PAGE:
Comic Jumper Review (Xbox360)

Though Captain Smiley’s adventures are played out entirely through the pages of comics, you don’t need to be Comic Book Guy to get what it’s all about. Twisted Pixel, the team behind the critically acclaimed Splosion Man, have made in Comic Jumper the game they’ve always wanted to make. So says their website. Clearly, playing through the game, Twisted Pixel had a lot of fun making Comic Jumper, it looks like a labour of love that’s been bed-hopping between the designer’s four poster and the animator’s hammock twice nightly.

She's so hot, Smiley's got one and a half horns (Ed: really?)
Comic Jumper’s looks are striking. From the wildly different comic book styles (three in total: Manga, Silver Age and thinly disguised Conan rip-off, Nanoc) to the wonderful way Captain Smiley flies in and out of comic panels, this game is a visual feast. And so it should be considering it’s about a comic book character come to life.

Captain Smiley, an atypical superhero with a body that looks like it’s been carved out of granite and a face that’s been torn off an 80’s rave T-shirt, loses his job as a comic book hero during level one and is forced to delve into other comics until he’s earned enough cash to buy his way back into business. Helping him is Star, a talking star strapped onto the captain’s chest. Actually, Star is of no help at all and seems to be in the game merely to provide a foil for humorous one-twos with Smiley.

When the game starts proper it’s easy to think this is a platformer as you punch and kick your way through henchmen and goons, but in reality this game has much more in common with shoot ’em ups like Metal Slug. Moving around in these 2D scrolling worlds is no challenge at all, but getting from start to finish without dying, at least on your first play-through, is nigh on impossible. Armed with two pistols, Captain Smiley faces all manner of challenging opponents that put up the same kind of hardcore fight. The need to dodge bullets and stay one step ahead of the overwhelming enemies will keep you busy throughout every platform-based level.

The gameplay is switched around between platforming, out and out 2D shoot ’em up and closer to the modern day 3D shoot ’em up in what must be an attempt to address the problem whereby 2D scrolling shoot ’em ups are mind numbingly boring after an hour’s play. And this is where Comic Jumper’s problems begin. As good as it looks, as funny as it’s trying to be, as much as I really want to like this game, it ends up being boring. Maybe it's because I'm British - the humour doesn't seem to cross the pond too well and we found most of the jokes and cut-scenes pretty lame in the end.
So this is what happens to all our farts, they end up in comic book space...
With three levels per comic book style, I found myself wanting to finish off one set just so I could see the next set and marvel at the art style. Though seeing the Silver Age comic style was worth the slog through the Nanoc/Conan stuff and took me back to flicking through Silver Surfer and Fantastic Four comics in my local newsagent as a boy, the over-riding feeling was that I’d rather be playing something else.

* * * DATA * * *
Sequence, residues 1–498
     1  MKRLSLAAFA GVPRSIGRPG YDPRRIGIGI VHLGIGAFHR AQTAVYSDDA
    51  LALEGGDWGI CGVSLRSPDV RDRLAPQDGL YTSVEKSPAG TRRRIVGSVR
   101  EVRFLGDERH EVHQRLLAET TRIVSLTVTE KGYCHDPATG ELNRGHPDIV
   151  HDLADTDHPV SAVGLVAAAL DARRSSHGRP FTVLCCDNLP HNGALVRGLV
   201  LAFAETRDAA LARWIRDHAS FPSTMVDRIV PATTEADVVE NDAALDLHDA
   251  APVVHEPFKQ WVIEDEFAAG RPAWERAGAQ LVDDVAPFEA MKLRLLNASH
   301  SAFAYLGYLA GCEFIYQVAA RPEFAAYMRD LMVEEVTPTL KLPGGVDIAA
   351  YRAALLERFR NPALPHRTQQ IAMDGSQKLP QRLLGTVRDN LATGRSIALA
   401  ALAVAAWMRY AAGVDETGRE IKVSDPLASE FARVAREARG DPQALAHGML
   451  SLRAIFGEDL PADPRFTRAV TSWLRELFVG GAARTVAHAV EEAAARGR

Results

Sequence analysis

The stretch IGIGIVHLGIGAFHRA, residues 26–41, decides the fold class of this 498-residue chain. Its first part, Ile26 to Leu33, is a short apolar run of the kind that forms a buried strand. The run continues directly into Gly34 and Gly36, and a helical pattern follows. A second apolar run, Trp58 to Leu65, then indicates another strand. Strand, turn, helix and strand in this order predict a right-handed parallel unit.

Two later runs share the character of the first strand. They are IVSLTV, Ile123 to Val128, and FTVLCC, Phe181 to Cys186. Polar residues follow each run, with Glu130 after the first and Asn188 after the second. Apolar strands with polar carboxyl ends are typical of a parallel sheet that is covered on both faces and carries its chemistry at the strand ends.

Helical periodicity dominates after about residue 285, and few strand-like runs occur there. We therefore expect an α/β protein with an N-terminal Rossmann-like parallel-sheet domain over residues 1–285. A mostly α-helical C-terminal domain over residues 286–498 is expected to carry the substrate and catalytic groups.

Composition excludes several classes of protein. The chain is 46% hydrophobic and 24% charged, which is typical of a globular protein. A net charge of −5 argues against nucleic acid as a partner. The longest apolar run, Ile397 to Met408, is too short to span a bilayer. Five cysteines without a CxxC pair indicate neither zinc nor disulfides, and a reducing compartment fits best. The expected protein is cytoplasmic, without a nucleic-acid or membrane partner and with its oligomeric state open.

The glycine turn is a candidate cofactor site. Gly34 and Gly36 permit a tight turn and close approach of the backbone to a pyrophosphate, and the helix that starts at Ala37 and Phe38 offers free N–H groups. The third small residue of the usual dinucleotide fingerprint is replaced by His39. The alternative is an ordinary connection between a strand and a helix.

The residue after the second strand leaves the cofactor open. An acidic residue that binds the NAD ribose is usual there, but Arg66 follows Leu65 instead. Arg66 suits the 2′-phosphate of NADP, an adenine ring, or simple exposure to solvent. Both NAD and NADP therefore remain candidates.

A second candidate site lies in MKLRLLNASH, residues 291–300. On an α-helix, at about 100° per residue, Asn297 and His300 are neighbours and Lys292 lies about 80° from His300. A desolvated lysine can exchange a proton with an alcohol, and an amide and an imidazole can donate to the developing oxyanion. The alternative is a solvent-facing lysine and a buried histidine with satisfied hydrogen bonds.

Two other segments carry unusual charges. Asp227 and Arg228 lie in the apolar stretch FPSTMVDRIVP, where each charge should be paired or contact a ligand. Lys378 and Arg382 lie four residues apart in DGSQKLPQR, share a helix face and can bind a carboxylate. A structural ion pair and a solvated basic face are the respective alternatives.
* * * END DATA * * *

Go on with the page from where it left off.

See, Comic Jumper looks good, it gives off a vibe that says quality. If you watch someone else playing the game you’re definitely going to want to have a go yourself, but therein lies the problem. Comic Jumper is a great game to watch but not so great to play. I really wanted to like it. And there are moments that I really did enjoy – the way in which you can call on the help of the development team at anytime to wipe out every enemy on screen is superb and full of indie gaming warmth as real human arms and feet suddenly appear on screen and punch, slap, stamp and kick everything in sight, followed by a beardy weirdy’s head popping up to finish with a screen smashing headbutt. It’s moments like these that are charming and make people like me feel guilty for getting bored so quickly. But I’d feel even more guilty if I championed this title, because after a few hours of gameplay in which you too will marvel at the game’s style and concept, and maybe even chuckle over one or two gags, you’ll soon tire of it and wonder why the hell you’re still playing.

In fact, if you make it all the way through to the Manga stuff you’ll have done very well. Here’s where the game really takes a turn for the worse. You’d think grey scale visuals wouldn’t be that much of an eyesore, but after half an hour of playing these levels your eyes will be screaming for a break. It’s that painful, the lack of contrast hurts like hell.

But, for the comic book nerds six days away from their local emporium’s new issue deliveries and shoot ’em up fans looking for a quick fix, you’d both be happy to spend a day battling through Comic Jumper. Infinite lives mean you will finish this game in under ten hours with a few trophy hunting reasons laid on to give this some replay value, but I have a hunch that if you do complete the game once round you’ll not be coming back for more. It’s awash with pop-culture references, digs at politicians (Arnie gets a good slap, and quite rightly), nods to graphic artists and allusions to classic videogames, all of which make it that much harder not to like this game.

Turn the page, I want to land on a good one!
It’s horrible to say, horrible to trash something that’s been lovingly put together by a dedicated group of developers, but Comic Jumper: Adventures Of Captain Smiley is, sadly, a case of style over substance. Or maybe I’m just missing the point – I used to think the same thing about comic books when I was a nipper and I’m sure there are people out there who would stand on my throat and jump up and down on it for uttering such blasphemy.

Top Game Moment: Fantastically executed comic book styling.

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